Brando only made the film to settle a lawsuit over his walking out on The Egyptian and is outdone in the charisma stakes by Michael Rennie's Bernadotte. It's not the most electrifying screen Napoleon, that's for sure, with Brando seemingly using the part simply to show there was more to him that Stanley Kowalski types with a restrained, underplayed and softly well spoken turn that wears his egomania lightly. Curiously little of the film concerns itself with his brief flirtation with silk merchant's daughter and future queen of Sweden Jean Simmons, through whose eyes his rise and fall is seen, but then in a film that races over key events in pedestrian diary entries ("There's been a battle at Waterloo") or reduces the disastrous Russian campaign to a few shots of flags, drums and flames, it's perhaps more of a surprise how little of a role she has to work with. After the initial romantic disillusionment of youth sets in a third of the way through the film she's reduced to a reluctantly passive observer to history and the great men who drive it rather than a participant until the pair's final reunion.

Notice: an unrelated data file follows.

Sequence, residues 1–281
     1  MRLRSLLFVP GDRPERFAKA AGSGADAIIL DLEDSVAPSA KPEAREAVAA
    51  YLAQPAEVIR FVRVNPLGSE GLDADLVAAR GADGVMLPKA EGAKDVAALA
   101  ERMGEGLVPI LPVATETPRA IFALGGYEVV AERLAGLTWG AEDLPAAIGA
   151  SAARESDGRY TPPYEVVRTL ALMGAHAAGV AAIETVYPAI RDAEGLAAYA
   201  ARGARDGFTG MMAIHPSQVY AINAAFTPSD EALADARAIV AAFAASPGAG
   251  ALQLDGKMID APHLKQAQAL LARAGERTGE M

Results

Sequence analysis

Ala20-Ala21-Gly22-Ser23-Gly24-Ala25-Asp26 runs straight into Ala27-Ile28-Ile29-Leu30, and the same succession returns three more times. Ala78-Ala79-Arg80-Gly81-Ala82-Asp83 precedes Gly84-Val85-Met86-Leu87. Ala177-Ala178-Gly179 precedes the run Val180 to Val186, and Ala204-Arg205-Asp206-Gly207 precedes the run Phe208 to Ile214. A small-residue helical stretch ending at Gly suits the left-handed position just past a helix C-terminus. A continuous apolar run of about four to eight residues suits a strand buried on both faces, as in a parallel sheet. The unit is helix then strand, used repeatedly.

There's little real chemistry between the two stars, the relationship quickly settling into a combination of resentment and rarer moments of teasing - at least you hope Napoleon is teasing when he tells the beautiful Simmons "The two most outstanding men of our time have been in love with you and you're no real beauty, but you have a way with you." With Desiree settling into a match with her real true love fairly early in the film while Napoleon marries and divorces for power and position, there's never any real romantic tension in their sporadic reunions and the film never manages to find much tension in the great dictator's rise and fall either as everything of consequence happens offscreen and is either recounted by third parties or diary entries. Unfortunately as Napoleon's proto-EU dream of a United States of Europe - "One law, one coinage, one people" - is thwarted and his comeback fails the film winds down rather than builds up so much that when Napoleon says "Well, gentlemen, I'm ready for exile," you're almost relieved that it's not long before he's St. Helena bound.